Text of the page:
How a true crime podcast helped my anxiety
According the Anxiety and Depression Association of America (ADAA) anxiety disorders affect more than 40 million adults over the age of 18. I am one of those that are affected. Ever since the age of 12 I have struggled with OCD and I never felt comfortable talking about it with anyone until I listened to the hugely successful true crime/comedy podcast, “My Favorite Murder.”
Even though most people might think a murder podcast would create anxiety rather than help it, “My Favorite Murder” takes a personal approach in talking about the crimes. It is hosted by comedians Karen Kilgariff and Georgia Hardstark, and these two funny ladies take listeners on a journey through the ugly world of true crime.
Entertaining fans, or in this case, murderinos, since January 2016, Kilgariff and Hardstark each select a murder (survivor story, cult story, or really anything related to true crime) and talk to each other about the crimes. The crimes are sometimes hard to stomach but Kilgariff and Hardstark masterfully incorporate tasteful jokes and personal anecdotes to move the narrative along.
It’s with these personal anecdotes that the listeners get a true sense of who these women are. They are not just comedians who know an awful lot about murder; they are two real women who are not afraid to talk about what’s bothering them.
Personally being someone who has struggled with anxiety for most of my life, it’s refreshing and honestly heartening to hear someone talk so candidly about mental health in such a positive way. Both Kilgariff and Hardstark believe in the power of going to see a therapist.
The podcast itself is a form of therapy for not only the hosts, but also the listeners. Many of the crimes spoken about highlight the discrimination against the mentally ill, sex workers, and women. Karen and Georgia have compassion for both the victims and perpetrators (to a degree) of the crimes.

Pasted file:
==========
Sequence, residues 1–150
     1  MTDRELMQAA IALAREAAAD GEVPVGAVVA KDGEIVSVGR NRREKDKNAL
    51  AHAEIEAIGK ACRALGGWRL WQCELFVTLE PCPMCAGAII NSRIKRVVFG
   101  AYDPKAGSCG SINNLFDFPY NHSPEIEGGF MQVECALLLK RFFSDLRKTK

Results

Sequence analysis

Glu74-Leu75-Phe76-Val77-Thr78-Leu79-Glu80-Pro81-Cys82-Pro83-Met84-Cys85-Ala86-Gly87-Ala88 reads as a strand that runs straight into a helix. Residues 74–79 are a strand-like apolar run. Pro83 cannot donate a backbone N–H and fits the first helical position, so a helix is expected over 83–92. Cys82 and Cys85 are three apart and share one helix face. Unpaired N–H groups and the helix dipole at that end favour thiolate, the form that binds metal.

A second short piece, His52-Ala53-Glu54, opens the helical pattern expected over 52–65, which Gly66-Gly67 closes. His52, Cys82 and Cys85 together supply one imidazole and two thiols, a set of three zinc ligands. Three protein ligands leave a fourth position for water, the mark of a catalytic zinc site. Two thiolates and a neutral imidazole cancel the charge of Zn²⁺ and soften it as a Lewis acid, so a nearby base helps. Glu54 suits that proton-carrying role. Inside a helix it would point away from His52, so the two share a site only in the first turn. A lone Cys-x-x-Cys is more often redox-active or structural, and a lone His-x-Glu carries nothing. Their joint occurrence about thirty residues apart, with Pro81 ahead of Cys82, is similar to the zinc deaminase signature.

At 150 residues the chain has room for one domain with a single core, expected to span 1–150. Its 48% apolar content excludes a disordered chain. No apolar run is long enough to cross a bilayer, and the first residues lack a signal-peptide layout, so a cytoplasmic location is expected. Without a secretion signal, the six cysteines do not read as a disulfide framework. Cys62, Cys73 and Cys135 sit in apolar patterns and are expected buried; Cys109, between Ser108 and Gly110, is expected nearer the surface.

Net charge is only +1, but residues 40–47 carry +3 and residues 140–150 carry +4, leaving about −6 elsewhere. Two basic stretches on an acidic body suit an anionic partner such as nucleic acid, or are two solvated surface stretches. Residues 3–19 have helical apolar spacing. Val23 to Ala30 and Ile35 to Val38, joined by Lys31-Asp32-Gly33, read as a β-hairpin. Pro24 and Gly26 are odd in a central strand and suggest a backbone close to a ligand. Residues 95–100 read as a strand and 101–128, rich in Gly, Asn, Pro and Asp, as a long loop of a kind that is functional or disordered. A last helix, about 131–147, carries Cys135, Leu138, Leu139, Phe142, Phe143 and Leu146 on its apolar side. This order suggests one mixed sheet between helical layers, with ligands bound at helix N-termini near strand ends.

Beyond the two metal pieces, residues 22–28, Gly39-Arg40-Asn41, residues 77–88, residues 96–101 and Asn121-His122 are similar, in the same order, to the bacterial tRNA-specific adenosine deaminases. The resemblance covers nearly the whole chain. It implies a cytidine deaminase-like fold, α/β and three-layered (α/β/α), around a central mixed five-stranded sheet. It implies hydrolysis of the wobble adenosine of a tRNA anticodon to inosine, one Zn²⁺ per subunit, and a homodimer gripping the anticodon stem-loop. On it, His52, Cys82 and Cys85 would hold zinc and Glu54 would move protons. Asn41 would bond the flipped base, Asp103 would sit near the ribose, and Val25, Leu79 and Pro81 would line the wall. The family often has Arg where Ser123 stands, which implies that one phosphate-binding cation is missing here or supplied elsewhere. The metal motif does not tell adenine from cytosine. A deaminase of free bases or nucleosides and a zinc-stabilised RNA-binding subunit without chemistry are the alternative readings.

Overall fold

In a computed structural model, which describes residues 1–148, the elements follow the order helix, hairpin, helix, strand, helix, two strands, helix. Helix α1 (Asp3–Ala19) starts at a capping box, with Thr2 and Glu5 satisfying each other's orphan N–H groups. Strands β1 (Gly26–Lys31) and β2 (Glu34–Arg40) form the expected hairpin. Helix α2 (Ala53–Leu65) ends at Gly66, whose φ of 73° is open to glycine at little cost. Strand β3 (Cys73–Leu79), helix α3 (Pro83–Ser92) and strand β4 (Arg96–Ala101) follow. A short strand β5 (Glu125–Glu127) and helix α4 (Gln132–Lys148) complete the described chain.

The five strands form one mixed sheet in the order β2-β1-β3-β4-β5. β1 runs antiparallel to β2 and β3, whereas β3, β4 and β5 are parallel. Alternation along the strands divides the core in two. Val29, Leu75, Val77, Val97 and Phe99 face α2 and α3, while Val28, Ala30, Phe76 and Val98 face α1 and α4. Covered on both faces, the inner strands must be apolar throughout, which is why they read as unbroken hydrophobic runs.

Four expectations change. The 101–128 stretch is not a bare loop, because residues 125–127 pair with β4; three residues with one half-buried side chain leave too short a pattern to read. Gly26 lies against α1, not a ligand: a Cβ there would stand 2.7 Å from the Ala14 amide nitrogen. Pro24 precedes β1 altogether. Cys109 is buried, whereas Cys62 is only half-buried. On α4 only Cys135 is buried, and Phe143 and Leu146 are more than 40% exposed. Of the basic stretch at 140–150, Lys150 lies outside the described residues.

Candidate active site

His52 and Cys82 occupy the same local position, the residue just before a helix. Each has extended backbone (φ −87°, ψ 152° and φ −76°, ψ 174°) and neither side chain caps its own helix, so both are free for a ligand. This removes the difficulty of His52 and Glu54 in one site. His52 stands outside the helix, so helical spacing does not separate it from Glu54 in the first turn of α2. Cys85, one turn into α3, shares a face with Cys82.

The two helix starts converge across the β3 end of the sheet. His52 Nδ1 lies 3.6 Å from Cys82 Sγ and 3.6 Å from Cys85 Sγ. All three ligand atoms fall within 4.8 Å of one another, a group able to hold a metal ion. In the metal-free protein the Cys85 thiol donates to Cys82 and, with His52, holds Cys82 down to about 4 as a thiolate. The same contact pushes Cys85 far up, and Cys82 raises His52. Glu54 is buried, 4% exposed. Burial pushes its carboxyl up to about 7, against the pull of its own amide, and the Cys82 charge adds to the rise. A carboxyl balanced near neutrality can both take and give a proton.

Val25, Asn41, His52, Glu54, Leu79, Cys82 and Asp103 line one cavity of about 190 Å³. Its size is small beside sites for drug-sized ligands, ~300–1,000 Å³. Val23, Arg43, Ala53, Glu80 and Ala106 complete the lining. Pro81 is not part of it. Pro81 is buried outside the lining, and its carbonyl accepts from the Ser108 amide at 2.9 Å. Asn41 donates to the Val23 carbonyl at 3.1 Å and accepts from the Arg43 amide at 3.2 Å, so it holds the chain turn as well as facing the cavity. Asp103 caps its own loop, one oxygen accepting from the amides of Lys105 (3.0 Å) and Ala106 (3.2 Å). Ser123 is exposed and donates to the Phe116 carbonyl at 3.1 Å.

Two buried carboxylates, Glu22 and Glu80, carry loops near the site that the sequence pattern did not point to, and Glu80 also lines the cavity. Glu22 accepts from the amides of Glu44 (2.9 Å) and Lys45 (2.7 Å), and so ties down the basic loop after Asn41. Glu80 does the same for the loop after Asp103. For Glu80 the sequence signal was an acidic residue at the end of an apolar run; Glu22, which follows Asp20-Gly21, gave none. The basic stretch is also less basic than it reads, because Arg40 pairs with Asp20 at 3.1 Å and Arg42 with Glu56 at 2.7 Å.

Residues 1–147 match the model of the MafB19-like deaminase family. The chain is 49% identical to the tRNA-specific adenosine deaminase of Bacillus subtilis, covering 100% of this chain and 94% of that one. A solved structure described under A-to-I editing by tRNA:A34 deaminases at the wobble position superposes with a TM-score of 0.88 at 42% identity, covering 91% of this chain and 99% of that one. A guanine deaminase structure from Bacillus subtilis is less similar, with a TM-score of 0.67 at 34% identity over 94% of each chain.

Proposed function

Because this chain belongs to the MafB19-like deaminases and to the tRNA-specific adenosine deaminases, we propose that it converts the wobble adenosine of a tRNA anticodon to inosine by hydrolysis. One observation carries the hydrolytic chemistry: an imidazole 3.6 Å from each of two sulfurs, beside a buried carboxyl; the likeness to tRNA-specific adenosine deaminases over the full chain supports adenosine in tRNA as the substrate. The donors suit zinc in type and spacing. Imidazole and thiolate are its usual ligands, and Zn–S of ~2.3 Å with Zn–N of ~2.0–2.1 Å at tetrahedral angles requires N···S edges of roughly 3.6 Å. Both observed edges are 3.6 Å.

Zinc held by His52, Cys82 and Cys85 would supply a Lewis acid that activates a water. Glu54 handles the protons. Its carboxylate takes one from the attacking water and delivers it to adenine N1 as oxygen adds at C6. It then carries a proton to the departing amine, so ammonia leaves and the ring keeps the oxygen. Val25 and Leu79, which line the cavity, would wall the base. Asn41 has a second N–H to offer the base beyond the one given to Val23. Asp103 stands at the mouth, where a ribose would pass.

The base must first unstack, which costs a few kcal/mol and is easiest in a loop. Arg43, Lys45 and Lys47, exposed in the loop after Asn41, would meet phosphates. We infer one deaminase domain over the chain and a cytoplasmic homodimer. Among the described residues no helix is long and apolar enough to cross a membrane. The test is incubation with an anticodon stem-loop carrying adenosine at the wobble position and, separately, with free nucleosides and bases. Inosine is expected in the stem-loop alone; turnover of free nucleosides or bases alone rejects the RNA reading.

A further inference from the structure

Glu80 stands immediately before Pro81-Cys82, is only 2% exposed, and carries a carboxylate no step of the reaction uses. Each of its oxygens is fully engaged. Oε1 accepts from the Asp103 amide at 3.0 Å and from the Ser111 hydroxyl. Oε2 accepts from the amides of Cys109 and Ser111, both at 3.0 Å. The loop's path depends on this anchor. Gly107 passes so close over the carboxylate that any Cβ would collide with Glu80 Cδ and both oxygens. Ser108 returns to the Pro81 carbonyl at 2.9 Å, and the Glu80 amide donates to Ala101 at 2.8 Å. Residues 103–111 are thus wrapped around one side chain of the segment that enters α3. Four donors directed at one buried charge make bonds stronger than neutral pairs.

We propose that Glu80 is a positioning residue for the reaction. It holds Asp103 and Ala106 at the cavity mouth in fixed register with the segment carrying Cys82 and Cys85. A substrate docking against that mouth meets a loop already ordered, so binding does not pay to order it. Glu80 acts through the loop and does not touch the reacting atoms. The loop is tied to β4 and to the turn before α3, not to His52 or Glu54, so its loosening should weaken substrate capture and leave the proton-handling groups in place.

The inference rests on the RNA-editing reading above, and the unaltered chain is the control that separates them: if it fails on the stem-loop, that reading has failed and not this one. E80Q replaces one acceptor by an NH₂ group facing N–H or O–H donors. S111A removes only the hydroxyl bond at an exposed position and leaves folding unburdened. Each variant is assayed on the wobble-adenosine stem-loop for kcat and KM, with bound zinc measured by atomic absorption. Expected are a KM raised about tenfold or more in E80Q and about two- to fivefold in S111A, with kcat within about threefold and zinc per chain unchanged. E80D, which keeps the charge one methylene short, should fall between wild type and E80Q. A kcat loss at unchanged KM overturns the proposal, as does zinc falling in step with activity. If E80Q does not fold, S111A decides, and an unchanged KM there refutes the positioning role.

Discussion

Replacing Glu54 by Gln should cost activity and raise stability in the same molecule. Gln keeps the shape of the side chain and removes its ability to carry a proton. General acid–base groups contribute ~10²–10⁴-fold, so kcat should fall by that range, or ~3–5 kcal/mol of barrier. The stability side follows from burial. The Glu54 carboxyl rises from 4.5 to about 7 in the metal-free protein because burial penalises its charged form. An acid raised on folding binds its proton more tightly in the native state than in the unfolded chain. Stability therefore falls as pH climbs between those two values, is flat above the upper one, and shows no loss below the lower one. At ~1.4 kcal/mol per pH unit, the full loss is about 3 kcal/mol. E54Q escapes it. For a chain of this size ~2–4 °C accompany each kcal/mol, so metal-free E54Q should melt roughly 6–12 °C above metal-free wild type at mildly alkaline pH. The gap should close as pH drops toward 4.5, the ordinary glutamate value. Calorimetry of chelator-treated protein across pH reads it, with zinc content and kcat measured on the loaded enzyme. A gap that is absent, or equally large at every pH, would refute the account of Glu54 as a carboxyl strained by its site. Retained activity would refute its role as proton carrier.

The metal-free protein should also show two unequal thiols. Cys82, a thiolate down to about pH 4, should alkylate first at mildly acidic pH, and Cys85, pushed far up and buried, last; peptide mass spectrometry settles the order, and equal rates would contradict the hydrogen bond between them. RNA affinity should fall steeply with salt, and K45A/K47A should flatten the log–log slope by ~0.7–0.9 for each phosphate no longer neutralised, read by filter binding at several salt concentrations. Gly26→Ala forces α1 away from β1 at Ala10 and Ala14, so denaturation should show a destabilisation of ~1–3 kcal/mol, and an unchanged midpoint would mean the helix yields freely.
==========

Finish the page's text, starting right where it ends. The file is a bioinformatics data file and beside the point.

There is such a stigma surrounding mental health. Often people don’t talk about it. I for one never spoke about my OCD, as mentioned earlier.
However, after I heard the LA accented voices of Karen and Georgia I realized my problems do matter and they are people out there just like me. Georgia specifically has been opened about the strenuous relationship she shares with her mother, while Karen has been more than opened with her alcohol abuse. Listening to this podcast has helped me come to terms with my own anxieties, and not just acknowledge them but seek help.
The podcast often talks about the everyday anxieties that we as women feel. Karen and Georgia reaffirm that it’s okay to feel scared when walking alone at night or when we have a neurotic self-centered moment, but most importantly, there are ways to change the way we feel in those circumstances. They proudly proclaim in many episodes that we don’t need to be nice when put in an uncomfortable situation. We know what’s best for us and it’s important for us to know that. We know our own strengths and weaknesses and conversations that the podcast offers highlight that.
I believe it’s important for young women to not feel alone in world where women are constantly pitted against one another, open conversations about mental health allows us to lift each other up rather than tear each other down. Fans of the podcast have come together by quoting Karen and Georgia’s many one-liners said throughout the show. These quotes have become memes and even tattoos for fans, but most notably they have become battle cries for us women.
There are so many other true crime podcasts out there, but what sets “My Favorite Murder” apart from the rest is the sense of community they’ve created.
Friendships, between friends have been formed through Facebook groups and in person meet ups. Those obsessed with true crime and those struggling with anxiety have found a place to call their own alongside Karen and Georgia.